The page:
Merrill Garbus’ tribal-electro dance pop group Tune-Yards‘ 2018 release, “I can feel you creep into my private life,” is one of the most timely albums to date. Spanning jarring topics like colonization and failing nationalistic ideals, the LP is a collection of heavy intellectual material. During a recent European show on Tune-Yards’ latest tour, the live performance brought a mixture of emotions. While most of the songs are high-energy and danceable, it felt a bit strange to “follow the beat” (knowing the meaning of the various tracks). The show itself was incredibly mesmerizing, especially watching Garbus switch between various instruments and vocal machines with such speed and precision. She has truly mastered her musical abilities and knows her strengths. This technical ability, mixed with unparalleled passion, provided a genuine sense of meaning and connection to Garbus’ songwriting and vocal expression.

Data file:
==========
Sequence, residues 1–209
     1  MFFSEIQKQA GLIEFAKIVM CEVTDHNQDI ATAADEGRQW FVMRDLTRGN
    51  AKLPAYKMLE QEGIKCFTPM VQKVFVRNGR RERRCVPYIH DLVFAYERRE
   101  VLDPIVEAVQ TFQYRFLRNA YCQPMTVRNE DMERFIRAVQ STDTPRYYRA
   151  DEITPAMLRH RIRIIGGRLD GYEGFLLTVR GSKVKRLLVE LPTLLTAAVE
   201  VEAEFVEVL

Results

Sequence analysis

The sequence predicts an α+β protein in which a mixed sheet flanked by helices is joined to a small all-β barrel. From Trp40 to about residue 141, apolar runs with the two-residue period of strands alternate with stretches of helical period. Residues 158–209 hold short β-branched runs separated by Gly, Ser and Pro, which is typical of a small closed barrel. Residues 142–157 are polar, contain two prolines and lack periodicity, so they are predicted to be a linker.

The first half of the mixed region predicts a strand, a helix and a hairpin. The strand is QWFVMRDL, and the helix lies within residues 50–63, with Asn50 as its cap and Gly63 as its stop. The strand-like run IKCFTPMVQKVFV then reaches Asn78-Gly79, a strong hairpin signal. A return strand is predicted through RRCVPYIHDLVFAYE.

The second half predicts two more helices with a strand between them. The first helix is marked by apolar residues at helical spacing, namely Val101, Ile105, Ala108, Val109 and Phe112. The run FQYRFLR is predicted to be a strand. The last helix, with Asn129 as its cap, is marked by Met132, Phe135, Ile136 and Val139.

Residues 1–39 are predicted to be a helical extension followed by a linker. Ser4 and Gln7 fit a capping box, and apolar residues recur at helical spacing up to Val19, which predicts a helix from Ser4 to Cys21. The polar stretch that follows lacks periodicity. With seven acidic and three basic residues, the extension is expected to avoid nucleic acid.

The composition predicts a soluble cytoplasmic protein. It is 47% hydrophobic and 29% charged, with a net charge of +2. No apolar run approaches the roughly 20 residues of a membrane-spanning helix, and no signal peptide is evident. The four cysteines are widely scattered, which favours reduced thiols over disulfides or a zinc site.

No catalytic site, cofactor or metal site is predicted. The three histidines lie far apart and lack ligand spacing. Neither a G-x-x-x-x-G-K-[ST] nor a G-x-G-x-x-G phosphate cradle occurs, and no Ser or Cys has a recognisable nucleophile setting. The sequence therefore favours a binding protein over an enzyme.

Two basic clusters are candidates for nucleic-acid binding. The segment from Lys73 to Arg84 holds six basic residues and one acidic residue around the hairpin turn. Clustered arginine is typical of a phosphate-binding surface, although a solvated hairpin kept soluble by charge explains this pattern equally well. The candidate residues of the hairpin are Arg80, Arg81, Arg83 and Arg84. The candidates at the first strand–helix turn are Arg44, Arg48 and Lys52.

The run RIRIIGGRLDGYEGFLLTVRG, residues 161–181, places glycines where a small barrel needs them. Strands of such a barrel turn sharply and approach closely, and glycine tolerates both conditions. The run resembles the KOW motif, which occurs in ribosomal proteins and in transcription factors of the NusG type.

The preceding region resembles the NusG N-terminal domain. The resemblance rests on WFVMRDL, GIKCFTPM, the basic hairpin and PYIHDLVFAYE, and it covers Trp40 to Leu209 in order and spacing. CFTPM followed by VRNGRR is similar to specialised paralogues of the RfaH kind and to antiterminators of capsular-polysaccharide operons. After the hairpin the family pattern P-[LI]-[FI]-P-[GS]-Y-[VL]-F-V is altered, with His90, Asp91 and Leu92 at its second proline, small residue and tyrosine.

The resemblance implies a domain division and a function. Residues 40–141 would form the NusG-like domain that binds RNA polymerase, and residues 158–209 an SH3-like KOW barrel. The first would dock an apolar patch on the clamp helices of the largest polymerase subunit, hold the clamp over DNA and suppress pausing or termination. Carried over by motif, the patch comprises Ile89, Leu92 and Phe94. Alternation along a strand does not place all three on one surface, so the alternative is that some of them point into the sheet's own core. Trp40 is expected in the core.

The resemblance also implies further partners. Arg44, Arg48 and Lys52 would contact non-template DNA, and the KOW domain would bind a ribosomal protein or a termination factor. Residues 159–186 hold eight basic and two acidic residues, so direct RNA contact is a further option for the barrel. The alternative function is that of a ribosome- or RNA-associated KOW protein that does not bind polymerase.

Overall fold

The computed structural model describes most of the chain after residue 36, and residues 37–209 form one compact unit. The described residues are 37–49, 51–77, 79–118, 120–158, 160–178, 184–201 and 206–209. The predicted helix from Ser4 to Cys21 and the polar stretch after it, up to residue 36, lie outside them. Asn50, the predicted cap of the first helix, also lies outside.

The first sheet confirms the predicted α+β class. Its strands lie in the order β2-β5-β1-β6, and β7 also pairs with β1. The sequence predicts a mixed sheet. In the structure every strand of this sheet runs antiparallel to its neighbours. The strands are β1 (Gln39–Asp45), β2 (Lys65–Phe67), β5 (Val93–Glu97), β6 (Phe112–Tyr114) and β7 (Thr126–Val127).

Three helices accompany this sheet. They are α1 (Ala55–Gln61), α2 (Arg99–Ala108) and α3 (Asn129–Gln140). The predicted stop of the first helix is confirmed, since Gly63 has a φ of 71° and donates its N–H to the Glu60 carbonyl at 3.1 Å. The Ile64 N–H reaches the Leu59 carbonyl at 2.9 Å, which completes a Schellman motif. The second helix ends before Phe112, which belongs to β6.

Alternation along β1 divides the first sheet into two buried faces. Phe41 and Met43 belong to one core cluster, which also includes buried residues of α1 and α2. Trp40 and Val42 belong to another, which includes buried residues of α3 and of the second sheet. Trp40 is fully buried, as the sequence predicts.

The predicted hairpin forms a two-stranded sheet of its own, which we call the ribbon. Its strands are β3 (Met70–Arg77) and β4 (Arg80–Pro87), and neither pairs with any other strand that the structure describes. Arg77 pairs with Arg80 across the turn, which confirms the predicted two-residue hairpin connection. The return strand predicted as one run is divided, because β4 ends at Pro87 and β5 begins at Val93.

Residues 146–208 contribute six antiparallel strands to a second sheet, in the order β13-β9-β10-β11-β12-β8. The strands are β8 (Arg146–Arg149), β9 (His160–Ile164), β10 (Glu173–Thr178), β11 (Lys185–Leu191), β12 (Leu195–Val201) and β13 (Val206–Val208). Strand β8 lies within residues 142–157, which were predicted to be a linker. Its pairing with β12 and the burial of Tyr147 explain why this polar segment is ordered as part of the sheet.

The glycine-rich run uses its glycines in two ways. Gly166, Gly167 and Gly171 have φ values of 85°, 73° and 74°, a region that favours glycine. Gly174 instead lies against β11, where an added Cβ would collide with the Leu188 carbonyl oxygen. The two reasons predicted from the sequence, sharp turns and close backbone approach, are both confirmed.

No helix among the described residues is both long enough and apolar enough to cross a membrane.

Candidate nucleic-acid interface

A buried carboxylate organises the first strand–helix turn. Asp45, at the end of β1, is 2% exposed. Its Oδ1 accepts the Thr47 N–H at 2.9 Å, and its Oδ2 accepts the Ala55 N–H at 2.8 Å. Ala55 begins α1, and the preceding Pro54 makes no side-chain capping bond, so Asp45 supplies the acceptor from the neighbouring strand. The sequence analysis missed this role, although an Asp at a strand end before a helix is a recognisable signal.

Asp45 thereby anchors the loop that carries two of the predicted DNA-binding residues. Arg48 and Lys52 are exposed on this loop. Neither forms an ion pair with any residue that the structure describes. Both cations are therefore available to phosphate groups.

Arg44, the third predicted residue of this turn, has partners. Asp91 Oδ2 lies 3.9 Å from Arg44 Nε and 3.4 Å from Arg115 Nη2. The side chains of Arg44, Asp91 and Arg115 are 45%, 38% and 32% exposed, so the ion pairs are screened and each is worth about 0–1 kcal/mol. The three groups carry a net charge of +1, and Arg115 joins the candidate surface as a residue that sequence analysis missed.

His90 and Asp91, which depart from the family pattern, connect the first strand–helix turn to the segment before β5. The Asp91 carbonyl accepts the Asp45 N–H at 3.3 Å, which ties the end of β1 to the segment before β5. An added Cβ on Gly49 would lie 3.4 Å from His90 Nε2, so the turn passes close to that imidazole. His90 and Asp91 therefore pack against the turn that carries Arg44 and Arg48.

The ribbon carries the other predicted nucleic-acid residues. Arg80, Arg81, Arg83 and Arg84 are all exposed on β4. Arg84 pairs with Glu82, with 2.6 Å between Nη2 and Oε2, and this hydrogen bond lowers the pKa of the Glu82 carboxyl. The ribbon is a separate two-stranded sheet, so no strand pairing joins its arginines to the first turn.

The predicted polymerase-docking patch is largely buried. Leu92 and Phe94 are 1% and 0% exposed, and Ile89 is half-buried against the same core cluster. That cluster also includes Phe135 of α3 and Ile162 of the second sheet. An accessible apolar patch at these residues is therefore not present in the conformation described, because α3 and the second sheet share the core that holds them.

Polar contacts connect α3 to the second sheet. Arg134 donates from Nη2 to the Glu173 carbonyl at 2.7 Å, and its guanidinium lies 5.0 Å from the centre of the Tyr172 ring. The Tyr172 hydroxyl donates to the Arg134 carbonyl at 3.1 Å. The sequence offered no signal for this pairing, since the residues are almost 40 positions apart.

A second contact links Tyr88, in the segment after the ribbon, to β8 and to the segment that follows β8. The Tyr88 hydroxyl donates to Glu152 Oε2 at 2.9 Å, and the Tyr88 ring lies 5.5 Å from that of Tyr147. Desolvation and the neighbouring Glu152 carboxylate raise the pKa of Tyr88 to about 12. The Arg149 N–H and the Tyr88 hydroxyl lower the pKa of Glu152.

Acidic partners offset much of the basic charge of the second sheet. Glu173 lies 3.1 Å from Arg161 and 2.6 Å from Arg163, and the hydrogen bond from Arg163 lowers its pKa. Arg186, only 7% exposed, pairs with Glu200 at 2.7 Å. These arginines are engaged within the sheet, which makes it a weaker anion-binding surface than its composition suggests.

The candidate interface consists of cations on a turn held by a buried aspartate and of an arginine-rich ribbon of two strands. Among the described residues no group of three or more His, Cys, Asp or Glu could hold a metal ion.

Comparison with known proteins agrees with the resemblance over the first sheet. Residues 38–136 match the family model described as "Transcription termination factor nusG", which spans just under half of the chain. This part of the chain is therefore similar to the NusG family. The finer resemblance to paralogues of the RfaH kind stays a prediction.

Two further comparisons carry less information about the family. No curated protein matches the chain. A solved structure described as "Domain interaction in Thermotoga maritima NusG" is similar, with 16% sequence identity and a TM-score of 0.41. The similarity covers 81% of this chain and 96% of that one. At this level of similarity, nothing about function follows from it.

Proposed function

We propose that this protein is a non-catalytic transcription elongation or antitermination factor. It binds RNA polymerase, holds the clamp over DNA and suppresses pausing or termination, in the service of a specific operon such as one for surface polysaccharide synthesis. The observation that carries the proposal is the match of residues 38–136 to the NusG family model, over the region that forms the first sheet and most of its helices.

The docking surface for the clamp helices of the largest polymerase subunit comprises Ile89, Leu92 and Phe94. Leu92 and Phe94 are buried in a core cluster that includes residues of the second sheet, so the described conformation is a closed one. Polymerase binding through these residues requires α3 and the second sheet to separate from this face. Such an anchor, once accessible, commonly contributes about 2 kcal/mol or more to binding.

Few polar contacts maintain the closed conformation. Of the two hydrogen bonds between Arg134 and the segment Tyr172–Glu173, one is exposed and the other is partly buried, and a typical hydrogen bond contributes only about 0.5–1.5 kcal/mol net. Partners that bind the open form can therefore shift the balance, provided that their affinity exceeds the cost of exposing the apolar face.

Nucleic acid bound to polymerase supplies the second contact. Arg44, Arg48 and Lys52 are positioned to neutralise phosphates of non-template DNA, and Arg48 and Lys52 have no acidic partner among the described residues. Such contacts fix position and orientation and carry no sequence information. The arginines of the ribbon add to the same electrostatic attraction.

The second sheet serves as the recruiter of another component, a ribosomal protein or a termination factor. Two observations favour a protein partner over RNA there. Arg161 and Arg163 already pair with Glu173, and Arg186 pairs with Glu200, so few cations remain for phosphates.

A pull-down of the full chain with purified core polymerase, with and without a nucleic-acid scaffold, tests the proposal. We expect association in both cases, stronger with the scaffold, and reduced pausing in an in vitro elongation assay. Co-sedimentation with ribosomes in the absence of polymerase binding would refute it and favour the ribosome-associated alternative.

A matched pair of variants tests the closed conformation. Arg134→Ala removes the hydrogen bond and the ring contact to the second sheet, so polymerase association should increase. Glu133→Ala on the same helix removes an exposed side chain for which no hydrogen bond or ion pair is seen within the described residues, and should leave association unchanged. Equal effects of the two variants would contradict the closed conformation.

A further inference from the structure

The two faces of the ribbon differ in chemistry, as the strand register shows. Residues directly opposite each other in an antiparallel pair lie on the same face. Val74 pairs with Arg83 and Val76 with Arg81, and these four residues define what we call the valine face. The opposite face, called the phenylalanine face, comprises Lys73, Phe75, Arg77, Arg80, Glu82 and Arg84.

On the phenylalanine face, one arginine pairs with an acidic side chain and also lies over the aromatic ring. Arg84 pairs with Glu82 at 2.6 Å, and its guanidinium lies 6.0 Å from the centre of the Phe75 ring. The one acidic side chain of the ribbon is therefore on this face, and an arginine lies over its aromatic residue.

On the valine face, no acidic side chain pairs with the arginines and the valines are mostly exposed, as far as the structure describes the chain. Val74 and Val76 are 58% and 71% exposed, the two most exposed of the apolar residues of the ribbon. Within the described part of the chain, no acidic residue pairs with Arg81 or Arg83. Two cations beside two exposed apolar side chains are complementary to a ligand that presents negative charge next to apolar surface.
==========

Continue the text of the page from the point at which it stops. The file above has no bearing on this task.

Among the many influences found in Tune-Yards’ music, there’s an underlying tribal theme. Garbus is self-aware of how she has culturally appropriated elements into her songs and speaks to NPR about this, “I’ve been growing up publicly through my 30s. There are songs I would not have written as a 38-year-old that I did write before; there are things that I don’t feel are appropriate now. Face paint to me was replacing … you know, I took lipstick, and [instead] of wearing it on my lips, I wanted to wear it on my nose, or taking eye shadow and running it down my face. For me, it was almost a Picasso-ing of makeup. But now I think so much about cultural appropriation because so many of my influences are various forms of black music — music from Mali, music from South Africa, hip-hop. So, I think I have a lot to answer for when it comes to cultural appropriation, and why not just take the face paint out of it?” She knows her position in the world and uses this knowledge to educate audiences.

Listen to “I can feel you creep into my private life” below, followed by photos from a recent live performance.